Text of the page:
Guaranteed-income idea kept alive by many


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Winnipeg Harvest asked me to represent them at the recent North American Basic Income Guarantee Congress held in Toronto two weeks ago.

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Hey there, time traveller!
This article was published 15/05/2012 (3741 days ago), so information in it may no longer be current.

Winnipeg Harvest asked me to represent them at the recent North American Basic Income Guarantee Congress held in Toronto two weeks ago.

The congress was developed to discuss the various aspects and the pros and cons of instituting a guaranteed annual income in Canada. I’ve always been in favour of a GAI, as has Winnipeg Harvest, but I had no idea that there would be so many factors to consider and so much controversy, such as the notion of the “deserving” and “undeserving” poor.

My “experience” began when I landed at Pearson International Airport. When I went to receive my wheelchair from the baggage hold, to my horror, I found the steering device had been crushed and my chair was completely unusable. The staff of the airline got another chair to use while mine was taken away to be repaired. My attendant and I finally got to our inaccessible hotel room very late that night.

When I entered the congress at the University of Toronto the next morning, there were approximately 175 delegates, primarily Canadian, with some American representation.

In the plenary speech, Armine Yalnizyan, of the Canadian Centre for Policy Alternatives, provided an historical overview of the GAI, beginning with the 1950s when Milton Friedman, a libertarian who believed in less government, introduced a negative income tax (a form of a GAI).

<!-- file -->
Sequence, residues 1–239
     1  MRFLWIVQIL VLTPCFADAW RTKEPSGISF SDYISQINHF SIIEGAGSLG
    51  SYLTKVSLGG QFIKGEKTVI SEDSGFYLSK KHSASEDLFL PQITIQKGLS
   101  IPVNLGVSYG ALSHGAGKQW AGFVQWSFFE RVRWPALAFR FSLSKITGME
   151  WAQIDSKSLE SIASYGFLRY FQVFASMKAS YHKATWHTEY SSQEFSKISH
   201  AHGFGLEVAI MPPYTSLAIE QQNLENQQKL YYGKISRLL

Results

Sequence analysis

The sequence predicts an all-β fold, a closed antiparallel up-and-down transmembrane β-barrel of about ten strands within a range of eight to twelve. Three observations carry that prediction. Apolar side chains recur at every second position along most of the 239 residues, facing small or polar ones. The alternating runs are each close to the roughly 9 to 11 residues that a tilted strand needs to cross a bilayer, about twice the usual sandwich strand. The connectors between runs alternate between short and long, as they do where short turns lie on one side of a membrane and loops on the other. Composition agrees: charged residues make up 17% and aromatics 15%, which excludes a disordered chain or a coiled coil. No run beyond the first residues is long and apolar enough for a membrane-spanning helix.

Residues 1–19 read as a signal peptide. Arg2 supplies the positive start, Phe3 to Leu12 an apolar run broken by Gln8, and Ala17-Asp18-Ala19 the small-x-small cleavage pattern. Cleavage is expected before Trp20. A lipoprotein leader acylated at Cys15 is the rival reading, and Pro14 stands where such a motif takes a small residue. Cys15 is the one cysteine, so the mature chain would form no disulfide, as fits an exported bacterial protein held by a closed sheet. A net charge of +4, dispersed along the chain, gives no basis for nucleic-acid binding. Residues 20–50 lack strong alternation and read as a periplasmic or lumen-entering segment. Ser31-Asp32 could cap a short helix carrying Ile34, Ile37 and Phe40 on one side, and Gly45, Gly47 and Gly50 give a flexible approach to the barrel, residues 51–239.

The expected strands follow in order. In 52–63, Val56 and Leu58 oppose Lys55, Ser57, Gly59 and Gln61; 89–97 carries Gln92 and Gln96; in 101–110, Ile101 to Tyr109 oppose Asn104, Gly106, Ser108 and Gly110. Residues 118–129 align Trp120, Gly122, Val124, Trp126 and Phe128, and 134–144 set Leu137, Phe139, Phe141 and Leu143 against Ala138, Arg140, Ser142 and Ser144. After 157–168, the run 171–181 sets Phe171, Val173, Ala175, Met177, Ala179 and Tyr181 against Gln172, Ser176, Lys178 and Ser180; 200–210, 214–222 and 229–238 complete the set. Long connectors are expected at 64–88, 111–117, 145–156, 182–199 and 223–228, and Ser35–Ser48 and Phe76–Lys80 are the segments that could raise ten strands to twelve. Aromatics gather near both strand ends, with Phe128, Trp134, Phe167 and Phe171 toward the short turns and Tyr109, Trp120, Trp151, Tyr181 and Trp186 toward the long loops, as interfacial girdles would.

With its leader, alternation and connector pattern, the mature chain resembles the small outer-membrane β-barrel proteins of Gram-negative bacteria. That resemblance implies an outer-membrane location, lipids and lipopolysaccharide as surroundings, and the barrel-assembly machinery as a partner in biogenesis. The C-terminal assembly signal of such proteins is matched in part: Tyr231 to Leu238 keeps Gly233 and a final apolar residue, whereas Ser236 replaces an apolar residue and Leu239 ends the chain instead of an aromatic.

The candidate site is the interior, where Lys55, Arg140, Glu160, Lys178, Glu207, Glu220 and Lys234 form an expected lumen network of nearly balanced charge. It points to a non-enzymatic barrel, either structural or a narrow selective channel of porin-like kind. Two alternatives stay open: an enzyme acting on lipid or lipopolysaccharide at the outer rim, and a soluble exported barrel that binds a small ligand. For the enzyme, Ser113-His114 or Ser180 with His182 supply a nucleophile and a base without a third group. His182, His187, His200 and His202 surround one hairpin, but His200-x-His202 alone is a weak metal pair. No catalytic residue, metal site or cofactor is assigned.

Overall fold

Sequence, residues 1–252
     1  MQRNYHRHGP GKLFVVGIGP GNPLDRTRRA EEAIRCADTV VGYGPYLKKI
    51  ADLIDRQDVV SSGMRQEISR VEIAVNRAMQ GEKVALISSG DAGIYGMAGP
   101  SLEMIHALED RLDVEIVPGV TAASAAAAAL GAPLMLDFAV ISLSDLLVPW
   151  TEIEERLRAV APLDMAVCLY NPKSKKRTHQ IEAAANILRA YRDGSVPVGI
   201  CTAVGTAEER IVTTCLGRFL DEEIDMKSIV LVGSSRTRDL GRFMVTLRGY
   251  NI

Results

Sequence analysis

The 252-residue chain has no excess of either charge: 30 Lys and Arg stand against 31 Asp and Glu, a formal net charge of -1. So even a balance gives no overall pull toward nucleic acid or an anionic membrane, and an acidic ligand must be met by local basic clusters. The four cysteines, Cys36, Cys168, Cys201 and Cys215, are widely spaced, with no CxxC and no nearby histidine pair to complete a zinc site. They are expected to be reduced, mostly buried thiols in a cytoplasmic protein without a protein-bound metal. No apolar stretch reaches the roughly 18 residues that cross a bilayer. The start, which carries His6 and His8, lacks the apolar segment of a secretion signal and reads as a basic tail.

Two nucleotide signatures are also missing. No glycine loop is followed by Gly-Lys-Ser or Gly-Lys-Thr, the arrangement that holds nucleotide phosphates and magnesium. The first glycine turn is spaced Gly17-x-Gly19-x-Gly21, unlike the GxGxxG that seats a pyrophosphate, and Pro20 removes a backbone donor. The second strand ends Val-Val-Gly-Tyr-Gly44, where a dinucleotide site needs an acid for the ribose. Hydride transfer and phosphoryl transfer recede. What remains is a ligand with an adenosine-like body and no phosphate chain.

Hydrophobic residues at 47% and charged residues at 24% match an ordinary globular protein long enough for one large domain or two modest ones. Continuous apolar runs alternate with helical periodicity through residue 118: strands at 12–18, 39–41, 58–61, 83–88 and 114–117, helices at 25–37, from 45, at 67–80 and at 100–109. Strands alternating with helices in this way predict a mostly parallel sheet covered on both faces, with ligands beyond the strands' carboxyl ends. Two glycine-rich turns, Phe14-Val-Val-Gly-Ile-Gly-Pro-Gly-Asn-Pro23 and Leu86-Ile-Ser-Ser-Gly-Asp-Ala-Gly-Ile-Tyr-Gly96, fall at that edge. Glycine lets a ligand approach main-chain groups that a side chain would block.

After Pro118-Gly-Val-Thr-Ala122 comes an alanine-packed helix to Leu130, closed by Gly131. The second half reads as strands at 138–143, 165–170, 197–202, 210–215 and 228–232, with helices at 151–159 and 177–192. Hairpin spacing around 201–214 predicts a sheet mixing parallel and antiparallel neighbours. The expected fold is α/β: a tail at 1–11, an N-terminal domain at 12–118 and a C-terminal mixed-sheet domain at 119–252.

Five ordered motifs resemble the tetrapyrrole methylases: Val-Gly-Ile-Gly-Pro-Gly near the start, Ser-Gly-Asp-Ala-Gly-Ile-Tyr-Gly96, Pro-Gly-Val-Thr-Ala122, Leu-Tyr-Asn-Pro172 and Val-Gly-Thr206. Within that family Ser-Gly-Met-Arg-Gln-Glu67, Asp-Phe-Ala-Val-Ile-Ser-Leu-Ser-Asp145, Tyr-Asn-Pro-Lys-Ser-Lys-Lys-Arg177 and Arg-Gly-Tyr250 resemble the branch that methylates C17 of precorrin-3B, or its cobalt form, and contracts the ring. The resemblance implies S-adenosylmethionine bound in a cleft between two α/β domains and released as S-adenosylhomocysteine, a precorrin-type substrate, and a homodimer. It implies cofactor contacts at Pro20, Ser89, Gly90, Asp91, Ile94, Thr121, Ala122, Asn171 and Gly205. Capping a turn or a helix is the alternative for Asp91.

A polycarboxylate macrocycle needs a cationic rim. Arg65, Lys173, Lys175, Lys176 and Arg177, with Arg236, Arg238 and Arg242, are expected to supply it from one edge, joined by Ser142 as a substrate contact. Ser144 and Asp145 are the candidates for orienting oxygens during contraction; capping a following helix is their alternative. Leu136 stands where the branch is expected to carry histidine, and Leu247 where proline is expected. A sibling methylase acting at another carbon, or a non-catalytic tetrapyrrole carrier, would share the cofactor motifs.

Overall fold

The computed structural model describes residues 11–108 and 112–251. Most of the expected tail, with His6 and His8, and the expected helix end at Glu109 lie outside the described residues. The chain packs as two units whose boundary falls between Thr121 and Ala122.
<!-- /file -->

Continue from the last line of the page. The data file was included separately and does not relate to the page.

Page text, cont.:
The 1960s saw a war on poverty. The 1970s were when the GAI was more seriously considered and the Mincome program, a pilot project, was established in Manitoba from 1974-1978. Since then, there has been globalization, unemployment, growth with no prosperity and further inequality.

Rhys Kesselman, of Simon Fraser University, spoke about why “universal cash benefits” provide consumer sovereignty, independence, an efficient private market and low-cost choice. He alone at the conference provided cost figures for a universal GAI — $380 billion per year.

Kesselman said the difference between what we now pay for social services and what the GAI would cost would require a 25 per cent increase in income tax on the highest earners.

He said that would not be acceptable to Canadian taxpayers, recommended we forget about a GAI and instead improve our welfare state.

I was curious about Trish Hennessy’s presentation, Challenging Orthodoxy. I thought it might be something out of the ordinary — even radical.

Hennessy, also of the Canadian Centre for Policy Alternatives, suggested we need to look at the “Overton window.”

For example, universal health care initially was unthinkable, then radical. Finally, under Tommy Douglas, it became acceptable, and today it is popular. Universal health care provides a national identity for people in Canada.

The Occupy movement has shifted the paradigm concerning the 99 per cent versus the one per cent. To implement a GAI, we need to use the same paradigm to make it popular by broadening the audience — find a way to bring it from the unthinkable, to radical, then acceptable, and finally, popular, according to Hennessy.

She pointed out that the success of the GAI was shown in the Mincome program in Dauphin, the only city or town in Canada to implement the GAI.

Unfortunately, the current Manitoba NDP government has publicly opposed any kind of GAI in Manitoba.

Why? It seems to me they are still caught up in the notion of “deserving” and “undeserving” poor and that poor people should be looking at going to work.

Is the GAI even an option for Canada, or would it be too costly to implement? There were no answers here. We’ll just have to wait and see what unfolds.

Nick Ternette is a community and political activist, freelance writer and broadcaster.

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